What Happens in the First Part of the Legislative Session?
This is the first installment in a 3-part series about the major happenings in the upcoming Legislative Session pursuant to the California Constitution and relevant statutes. Part I is focused on the first part of the Legislative Session. Part II focuses on the middle part of the session, and Part III looks at the last two months of the Session. There are essentially three major parts to the legislative session: house of origin; second house; and, final month and gubernatorial action. Obviously, there are key subparts in these three major parts, but the Legislative Session can be viewed in this way. In the first part, there is also the significant subpart of bill introductions. This first installment is on the house of origin part.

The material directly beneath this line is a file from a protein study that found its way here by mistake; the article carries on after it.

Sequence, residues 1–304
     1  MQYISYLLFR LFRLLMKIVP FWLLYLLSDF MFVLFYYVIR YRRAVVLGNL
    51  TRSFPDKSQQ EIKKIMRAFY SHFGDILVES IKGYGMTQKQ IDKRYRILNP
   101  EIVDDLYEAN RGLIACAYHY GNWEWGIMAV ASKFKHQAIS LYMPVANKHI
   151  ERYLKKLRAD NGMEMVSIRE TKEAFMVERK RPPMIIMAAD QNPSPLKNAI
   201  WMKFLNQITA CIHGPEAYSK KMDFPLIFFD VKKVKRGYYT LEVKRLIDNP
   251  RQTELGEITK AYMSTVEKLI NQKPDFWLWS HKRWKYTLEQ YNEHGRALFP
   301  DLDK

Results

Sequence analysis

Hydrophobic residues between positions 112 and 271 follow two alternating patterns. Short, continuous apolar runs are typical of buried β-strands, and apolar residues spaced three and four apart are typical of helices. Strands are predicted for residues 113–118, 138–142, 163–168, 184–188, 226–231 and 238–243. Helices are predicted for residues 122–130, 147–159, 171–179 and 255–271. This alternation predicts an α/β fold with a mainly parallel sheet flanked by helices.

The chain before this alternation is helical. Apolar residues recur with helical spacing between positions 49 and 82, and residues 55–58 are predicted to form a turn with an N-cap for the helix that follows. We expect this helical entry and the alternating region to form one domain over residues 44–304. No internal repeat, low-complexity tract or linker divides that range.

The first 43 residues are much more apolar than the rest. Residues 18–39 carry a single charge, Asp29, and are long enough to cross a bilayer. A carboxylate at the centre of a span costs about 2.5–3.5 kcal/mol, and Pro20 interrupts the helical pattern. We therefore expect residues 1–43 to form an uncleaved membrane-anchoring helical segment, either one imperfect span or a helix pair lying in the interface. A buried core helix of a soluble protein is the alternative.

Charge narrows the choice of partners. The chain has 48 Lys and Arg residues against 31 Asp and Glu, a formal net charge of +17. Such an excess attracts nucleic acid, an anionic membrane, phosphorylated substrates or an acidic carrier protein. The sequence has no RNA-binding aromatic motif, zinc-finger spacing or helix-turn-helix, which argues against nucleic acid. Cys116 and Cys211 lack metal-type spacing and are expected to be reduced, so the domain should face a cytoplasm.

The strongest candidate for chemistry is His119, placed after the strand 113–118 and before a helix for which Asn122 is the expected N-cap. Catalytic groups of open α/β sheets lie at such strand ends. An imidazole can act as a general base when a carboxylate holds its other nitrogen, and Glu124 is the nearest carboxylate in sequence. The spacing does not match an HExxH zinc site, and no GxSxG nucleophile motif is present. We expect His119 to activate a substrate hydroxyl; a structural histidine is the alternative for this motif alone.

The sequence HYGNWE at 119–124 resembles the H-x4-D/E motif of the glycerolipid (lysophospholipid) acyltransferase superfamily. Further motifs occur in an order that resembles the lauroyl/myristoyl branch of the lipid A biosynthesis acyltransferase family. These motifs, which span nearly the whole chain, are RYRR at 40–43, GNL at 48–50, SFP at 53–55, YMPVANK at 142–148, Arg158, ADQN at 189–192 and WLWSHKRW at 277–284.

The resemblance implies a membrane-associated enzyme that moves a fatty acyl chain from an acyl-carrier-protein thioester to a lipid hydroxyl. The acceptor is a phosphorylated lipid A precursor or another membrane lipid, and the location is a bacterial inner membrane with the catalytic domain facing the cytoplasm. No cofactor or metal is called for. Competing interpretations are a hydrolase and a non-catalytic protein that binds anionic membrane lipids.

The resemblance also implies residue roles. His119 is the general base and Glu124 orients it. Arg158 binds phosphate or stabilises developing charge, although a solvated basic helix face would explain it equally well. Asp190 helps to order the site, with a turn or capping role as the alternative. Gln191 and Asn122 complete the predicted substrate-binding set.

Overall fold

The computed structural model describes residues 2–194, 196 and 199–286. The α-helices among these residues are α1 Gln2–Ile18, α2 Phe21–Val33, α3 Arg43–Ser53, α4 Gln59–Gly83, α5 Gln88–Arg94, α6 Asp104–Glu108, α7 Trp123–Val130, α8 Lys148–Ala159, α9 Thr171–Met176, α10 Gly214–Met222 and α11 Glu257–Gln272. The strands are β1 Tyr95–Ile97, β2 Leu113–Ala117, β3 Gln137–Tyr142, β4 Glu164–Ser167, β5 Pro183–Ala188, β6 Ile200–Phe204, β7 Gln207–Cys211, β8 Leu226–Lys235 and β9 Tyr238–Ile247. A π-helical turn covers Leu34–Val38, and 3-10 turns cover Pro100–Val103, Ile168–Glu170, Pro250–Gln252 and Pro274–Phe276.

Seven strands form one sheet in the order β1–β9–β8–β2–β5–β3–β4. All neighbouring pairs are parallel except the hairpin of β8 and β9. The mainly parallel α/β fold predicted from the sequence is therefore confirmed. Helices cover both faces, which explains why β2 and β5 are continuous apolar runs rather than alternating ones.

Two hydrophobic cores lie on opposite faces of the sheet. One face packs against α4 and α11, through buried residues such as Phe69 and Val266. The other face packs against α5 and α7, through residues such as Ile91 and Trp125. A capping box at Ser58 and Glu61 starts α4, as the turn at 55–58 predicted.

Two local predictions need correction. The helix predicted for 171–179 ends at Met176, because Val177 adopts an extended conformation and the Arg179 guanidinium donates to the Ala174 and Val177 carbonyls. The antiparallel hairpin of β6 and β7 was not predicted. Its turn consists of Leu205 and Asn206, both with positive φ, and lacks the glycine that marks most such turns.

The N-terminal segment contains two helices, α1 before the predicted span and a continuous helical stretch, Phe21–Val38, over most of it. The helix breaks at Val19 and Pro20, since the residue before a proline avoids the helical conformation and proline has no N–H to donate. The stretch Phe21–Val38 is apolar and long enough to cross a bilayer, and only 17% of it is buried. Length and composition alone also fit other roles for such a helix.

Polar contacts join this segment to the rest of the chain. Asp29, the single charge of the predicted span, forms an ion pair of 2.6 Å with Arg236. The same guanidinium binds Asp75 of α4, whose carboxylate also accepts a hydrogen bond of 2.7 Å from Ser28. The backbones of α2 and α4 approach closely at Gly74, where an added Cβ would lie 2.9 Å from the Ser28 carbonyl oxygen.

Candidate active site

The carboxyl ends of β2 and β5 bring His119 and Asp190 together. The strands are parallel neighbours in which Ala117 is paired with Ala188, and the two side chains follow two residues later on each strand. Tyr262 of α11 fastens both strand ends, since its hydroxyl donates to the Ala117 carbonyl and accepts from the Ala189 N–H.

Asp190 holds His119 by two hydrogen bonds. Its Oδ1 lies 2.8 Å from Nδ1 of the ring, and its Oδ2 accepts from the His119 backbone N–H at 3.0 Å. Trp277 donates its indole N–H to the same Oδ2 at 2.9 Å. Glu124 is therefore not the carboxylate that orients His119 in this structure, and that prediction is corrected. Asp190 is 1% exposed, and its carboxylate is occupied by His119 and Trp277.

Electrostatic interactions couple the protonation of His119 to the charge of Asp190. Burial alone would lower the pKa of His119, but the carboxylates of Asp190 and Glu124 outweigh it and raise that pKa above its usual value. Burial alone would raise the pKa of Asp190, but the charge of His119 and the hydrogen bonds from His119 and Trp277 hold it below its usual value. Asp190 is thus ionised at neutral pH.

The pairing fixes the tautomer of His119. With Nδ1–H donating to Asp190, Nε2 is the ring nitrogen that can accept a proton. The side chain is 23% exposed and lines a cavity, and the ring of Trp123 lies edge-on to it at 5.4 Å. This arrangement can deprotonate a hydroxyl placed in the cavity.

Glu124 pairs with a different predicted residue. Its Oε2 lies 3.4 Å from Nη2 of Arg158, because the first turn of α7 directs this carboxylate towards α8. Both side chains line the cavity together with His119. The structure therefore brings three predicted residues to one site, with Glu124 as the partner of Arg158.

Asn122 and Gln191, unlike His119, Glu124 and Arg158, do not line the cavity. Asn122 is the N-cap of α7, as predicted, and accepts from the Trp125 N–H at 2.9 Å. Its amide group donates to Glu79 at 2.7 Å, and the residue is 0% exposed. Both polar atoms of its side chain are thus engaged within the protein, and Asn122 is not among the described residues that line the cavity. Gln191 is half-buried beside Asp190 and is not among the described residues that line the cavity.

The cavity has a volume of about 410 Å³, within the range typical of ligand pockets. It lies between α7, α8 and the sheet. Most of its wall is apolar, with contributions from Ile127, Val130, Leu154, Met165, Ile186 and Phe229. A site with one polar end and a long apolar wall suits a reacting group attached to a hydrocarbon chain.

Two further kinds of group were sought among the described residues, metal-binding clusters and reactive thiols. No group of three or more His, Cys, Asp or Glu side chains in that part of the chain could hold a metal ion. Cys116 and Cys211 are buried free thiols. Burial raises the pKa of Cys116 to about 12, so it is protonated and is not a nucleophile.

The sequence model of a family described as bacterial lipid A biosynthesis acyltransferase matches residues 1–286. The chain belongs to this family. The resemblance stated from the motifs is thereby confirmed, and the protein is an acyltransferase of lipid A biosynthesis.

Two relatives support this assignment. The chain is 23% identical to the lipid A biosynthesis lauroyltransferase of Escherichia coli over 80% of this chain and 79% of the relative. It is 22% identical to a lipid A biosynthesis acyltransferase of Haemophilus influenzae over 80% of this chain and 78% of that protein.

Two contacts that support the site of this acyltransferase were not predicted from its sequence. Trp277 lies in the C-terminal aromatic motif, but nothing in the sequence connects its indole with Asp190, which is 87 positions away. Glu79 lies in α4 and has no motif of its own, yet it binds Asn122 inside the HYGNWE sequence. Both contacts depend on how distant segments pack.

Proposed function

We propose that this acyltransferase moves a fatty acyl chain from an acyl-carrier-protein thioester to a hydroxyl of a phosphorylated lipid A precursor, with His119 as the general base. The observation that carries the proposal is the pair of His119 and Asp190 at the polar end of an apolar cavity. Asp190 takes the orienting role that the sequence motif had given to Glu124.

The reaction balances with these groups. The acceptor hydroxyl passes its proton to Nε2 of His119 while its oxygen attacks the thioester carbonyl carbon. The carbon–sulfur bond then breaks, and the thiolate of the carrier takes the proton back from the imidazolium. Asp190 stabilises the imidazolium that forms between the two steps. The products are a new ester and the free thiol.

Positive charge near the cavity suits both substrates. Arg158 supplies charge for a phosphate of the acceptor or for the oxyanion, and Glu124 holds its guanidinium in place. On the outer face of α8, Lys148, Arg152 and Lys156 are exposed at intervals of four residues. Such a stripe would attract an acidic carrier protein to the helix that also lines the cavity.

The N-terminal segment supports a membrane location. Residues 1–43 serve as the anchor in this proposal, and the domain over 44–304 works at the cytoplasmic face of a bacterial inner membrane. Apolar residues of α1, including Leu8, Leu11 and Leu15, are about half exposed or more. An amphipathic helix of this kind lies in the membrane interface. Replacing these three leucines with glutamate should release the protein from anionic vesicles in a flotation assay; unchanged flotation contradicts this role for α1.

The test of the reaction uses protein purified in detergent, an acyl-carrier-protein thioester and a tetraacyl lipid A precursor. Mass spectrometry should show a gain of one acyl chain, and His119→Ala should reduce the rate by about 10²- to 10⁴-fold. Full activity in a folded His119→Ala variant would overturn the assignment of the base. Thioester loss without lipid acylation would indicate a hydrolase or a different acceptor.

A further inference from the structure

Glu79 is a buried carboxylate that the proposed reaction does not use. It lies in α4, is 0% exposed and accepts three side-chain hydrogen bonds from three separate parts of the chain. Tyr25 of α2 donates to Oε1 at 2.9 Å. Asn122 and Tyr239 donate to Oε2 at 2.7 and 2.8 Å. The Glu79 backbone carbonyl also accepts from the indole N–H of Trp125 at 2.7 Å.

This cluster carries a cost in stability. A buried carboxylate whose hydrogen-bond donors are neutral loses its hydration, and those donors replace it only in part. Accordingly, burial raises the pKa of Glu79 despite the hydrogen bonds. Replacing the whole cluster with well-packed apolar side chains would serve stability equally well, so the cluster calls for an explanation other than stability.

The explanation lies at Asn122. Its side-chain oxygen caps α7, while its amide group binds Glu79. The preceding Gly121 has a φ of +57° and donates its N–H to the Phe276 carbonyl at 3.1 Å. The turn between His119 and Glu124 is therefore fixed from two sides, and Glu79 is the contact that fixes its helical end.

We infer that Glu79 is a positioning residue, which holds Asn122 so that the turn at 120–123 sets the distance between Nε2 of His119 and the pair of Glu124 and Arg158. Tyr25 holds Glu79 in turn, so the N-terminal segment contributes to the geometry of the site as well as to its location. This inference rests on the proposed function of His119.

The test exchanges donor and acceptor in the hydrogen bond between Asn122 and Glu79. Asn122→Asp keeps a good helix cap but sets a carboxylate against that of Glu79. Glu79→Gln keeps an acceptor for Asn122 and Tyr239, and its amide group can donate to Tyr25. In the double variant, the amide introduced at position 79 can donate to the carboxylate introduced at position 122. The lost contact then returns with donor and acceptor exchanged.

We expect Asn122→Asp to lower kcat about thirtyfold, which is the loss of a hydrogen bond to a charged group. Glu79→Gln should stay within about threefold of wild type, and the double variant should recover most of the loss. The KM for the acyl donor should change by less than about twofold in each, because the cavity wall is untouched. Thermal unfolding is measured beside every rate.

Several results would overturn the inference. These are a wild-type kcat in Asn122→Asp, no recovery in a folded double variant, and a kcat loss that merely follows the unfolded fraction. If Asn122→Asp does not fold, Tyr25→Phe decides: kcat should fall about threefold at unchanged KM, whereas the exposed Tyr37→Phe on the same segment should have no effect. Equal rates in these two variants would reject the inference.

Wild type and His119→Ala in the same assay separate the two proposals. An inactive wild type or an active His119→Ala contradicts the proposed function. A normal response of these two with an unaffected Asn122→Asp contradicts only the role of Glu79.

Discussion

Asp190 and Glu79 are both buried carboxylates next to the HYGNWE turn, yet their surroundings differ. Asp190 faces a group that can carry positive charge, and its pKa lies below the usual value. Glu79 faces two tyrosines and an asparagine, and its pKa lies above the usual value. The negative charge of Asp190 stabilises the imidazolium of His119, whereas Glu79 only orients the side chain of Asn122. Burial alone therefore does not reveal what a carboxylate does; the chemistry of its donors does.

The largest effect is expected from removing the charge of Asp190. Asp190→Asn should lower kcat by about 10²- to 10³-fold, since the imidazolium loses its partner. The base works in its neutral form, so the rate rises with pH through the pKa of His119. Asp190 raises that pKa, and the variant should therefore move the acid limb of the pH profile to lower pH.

During the first part of the first year of a two-year Session, legislators await their committee assignments, consider proposals for authoring bills and, for the new Members, they have dozens of “meet-and-greet” appointments in which they meet their colleagues, constituents and lobbyists. This usually occurs in January and most of February.
During the first part of the second year of a two-year Session, legislators must deal with “two-year bills,” those measures that remain from the prior year that must pass their house of origin by January 31. They are also introducing new bills prior to the late February deadline.
By March, the budget subcommittees and policy committees begin hearing bills and budget proposals. After policy committees hear and vote on bills, the vast majority of measures are considered by the fiscal committee (which we call the Appropriations Committee). Once bills pass the fiscal committee, they head to the respective floor for final consideration in their house of origin.